Feinstein Institutes’ Dr. Sophia Jan, left, and Caren Steinway are...

Feinstein Institutes’ Dr. Sophia Jan, left, and Caren Steinway are co-principal investigators on the newly funded study. Credit: Feinstein Institutes for Medical Research

Researchers at two units of Northwell Health have been awarded a $5.6 million grant to study how new online tools could ease the burden of families that provide care for those with intellectual or developmental disabilities.

Dr. Sophia Jan, chief of general pediatrics at Northwell's Cohen Children's Medical Center and a researcher at the Feinstein Institutes for Medical Research, said the clinical trial is designed to help parents and other caregivers focus on long-term planning.

The value of such planning was made clear in the first waves of the COVID-19 pandemic when ill parents were unable to care for disabled family members.

"When they got COVID and suddenly they were very sick, many families were unable to hold it together," Jan said. "The idea behind this clinical trial is to help parents think about long-term planning."

Lynne Koufakis has two autistic sons in their 20s and serves a chairwoman of the board of Life's WORC, a Garden City nonprofit that provides services to more than 2,000 people with developmental disabilities and autism.

She said that many families with disabled children lack even basic knowledge about how to navigate government services such as Medicaid and food stamps.

"Most people have no clue what to do," she said, but the online tool potentially could help fill the information gap. "Any knowledge is powerful."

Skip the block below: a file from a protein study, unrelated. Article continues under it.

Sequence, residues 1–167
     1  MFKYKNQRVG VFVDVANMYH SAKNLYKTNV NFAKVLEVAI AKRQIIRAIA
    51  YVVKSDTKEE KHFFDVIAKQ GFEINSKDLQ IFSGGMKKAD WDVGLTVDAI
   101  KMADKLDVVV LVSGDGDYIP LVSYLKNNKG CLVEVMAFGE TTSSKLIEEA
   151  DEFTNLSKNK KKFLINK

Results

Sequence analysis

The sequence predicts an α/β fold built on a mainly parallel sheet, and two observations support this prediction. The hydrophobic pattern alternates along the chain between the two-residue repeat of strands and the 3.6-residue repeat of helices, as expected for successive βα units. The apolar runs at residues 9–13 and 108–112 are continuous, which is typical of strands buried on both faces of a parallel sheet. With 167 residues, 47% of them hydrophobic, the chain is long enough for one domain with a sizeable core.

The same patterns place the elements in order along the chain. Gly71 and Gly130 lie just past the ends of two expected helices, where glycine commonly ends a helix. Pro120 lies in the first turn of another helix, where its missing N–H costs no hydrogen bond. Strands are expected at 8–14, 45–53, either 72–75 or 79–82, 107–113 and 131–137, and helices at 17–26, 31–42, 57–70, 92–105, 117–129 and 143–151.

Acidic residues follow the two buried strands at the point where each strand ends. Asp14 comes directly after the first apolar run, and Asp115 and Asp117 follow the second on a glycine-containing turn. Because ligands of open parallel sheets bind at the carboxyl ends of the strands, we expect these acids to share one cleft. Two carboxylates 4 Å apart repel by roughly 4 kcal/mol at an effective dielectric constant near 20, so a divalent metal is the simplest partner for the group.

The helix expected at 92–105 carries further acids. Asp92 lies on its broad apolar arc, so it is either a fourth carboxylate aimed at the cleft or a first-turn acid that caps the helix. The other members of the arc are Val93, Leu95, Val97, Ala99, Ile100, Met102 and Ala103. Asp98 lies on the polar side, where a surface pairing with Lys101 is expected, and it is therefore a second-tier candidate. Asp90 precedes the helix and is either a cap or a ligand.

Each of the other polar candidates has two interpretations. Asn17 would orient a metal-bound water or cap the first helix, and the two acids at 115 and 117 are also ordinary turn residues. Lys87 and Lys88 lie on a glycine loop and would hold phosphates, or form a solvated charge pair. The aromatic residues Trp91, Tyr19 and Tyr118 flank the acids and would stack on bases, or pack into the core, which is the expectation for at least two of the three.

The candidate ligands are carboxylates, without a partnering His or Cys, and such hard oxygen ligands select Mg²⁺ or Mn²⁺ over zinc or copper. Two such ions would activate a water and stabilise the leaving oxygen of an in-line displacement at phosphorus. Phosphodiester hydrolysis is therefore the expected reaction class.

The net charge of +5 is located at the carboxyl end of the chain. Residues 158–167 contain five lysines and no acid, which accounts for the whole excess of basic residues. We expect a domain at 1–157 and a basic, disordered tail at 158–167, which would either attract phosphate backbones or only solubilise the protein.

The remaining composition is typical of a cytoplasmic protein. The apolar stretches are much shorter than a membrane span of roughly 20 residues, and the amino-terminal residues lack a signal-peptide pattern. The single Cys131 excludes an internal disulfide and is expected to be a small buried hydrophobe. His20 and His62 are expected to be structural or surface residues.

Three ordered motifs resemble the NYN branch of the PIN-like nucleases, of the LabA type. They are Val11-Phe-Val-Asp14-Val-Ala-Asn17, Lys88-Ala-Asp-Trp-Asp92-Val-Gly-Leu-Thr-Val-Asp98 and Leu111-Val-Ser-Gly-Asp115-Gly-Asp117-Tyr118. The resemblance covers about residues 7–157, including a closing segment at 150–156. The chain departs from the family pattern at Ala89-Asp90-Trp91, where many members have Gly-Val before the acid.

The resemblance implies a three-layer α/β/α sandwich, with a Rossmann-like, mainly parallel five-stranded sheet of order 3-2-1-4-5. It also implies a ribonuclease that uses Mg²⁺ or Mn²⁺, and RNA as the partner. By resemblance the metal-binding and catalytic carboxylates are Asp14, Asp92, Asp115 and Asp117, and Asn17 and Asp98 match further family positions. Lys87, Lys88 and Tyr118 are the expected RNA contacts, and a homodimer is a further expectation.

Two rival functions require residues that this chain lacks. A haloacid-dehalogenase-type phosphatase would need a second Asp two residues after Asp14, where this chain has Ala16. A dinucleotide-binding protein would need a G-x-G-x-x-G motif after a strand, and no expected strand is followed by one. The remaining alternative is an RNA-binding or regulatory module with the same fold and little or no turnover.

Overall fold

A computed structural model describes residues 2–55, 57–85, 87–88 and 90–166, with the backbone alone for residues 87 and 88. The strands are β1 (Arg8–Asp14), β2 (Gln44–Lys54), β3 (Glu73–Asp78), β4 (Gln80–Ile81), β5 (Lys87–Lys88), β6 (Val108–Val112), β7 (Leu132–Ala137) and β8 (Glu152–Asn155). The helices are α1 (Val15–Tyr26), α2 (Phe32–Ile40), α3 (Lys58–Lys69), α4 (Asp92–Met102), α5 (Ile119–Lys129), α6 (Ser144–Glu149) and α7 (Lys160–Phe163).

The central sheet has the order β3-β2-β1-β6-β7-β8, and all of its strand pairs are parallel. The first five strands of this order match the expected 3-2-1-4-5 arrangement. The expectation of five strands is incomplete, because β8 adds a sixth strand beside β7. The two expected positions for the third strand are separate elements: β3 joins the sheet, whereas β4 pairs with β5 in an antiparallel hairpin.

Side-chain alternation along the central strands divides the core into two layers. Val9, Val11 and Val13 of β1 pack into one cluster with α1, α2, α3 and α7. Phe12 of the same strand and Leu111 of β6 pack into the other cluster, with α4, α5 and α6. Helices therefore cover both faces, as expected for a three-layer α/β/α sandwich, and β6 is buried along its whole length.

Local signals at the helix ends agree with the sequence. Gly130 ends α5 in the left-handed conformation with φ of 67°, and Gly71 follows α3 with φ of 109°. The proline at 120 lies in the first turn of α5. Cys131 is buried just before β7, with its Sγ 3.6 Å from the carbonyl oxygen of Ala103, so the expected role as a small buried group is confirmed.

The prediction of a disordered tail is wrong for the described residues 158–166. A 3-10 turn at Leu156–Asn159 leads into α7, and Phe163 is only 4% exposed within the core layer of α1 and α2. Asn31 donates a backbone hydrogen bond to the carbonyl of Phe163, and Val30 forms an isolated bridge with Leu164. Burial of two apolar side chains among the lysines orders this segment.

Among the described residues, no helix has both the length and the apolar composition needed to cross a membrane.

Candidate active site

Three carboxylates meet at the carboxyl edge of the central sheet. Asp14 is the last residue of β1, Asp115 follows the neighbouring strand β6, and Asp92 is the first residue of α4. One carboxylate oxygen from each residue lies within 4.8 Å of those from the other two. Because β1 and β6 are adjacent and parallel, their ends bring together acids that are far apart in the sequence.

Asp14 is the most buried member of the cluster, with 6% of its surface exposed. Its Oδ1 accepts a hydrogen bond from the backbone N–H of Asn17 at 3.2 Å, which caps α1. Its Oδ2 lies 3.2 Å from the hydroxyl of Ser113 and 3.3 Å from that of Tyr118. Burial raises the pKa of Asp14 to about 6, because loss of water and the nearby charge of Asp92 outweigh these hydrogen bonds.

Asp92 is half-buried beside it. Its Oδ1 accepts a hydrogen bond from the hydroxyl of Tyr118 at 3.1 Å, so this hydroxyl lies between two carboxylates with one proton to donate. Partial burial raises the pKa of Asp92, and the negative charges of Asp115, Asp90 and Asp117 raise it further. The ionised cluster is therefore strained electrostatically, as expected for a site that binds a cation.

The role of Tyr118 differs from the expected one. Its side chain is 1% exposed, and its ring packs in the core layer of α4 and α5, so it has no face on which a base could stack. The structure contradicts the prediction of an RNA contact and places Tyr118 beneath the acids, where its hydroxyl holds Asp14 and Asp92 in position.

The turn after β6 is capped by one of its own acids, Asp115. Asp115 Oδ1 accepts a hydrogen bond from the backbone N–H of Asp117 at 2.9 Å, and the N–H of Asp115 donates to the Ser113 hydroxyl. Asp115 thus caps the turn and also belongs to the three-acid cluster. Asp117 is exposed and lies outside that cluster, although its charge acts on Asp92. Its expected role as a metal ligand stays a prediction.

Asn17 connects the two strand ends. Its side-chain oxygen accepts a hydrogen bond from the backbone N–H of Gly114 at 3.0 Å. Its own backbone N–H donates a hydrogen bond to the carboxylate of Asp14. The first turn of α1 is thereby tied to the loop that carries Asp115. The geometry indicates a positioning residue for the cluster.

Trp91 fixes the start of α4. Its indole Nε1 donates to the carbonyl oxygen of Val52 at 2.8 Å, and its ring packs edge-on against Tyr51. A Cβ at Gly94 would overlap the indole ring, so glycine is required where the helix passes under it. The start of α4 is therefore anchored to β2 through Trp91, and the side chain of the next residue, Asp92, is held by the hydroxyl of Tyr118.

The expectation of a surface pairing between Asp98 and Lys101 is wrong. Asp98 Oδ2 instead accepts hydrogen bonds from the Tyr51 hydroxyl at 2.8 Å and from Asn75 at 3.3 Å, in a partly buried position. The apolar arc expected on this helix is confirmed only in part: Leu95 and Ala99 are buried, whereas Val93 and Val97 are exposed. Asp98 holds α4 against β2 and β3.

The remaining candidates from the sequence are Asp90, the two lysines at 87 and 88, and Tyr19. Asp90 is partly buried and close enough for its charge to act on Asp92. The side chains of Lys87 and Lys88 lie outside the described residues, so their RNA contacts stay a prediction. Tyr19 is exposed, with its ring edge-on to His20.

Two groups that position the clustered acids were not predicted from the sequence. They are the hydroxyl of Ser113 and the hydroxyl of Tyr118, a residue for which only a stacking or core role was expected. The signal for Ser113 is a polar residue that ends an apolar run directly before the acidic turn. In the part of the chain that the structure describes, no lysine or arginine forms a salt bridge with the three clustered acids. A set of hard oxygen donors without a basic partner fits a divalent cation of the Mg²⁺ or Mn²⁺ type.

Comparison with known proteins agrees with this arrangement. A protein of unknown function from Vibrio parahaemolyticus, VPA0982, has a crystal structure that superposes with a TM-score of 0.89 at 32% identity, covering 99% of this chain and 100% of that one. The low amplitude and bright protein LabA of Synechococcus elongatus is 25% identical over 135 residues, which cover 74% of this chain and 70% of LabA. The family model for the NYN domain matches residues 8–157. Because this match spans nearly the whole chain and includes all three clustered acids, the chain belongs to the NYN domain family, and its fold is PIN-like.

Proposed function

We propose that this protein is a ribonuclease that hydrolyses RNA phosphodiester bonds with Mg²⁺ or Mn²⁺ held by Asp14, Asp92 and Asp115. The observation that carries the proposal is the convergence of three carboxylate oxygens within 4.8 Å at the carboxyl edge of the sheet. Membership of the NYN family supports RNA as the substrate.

One hurdle for caregivers comes when children with developmental disabilities turn 21. Up to that point, they are covered by federal mandates guaranteeing an education, but afterward, the young adults face an uneven range of services provided by the state, Jan said.

"After age 21, a lot of services drop off with kids with disabilities," she said. "After 21, there a big cliff."

Funding for the five-year study is coming from the Patient-Centered Outcomes Research Institute in Washington, a nonprofit research organization that seeks to  help patients and others with practical information about health care choices.

Leading the research team along with Jan are co-principal investigators Caren Steinway, director of clinical research in the division of general pediatrics at Cohen Children's Medical Center, and Dr. Charmaine Wright, director of the Center for Special Health Care Needs at ChristianaCare, Delaware.

The researchers plan to enroll 1,050 family caregivers of people with intellectual or developmental disabilities and divide them between two groups.

One group will get a new online tool that provides guidance about  on planning for medical management, housing, and finances as well as routine contact with their state or county disability services coordinators. The other group will be asked to review  generalized educational content on disabilities and promoting health that are unrelated to planning ,, but also receive routine contact with state and county care coordinators.

A contract will be issued to the researchers once staff at the Patient-Centered Outcomes Research Institute completes its final review of the program.

Jan said long-term planning can ease the burden on caregivers while improving the quality of life of the disabled person. 

"Most families aren't aware of some of the things you need to think about," she said, such as Medicaid waivers, residential planning and special needs trusts.  The trusts are financial instruments that lets people with disabilities get funding for supplemental items like an iPad for communications without affecting their Medicaid eligibility. 

Intellectual or developmental disabilities covered by this study can come from a range of causes: autism, cerebral palsy, severe learning disabilities, Down syndrome, traumatic brain injuries, brain-involved cancers and fragile X syndrome (a genetic condition that results in intellectual deficits).

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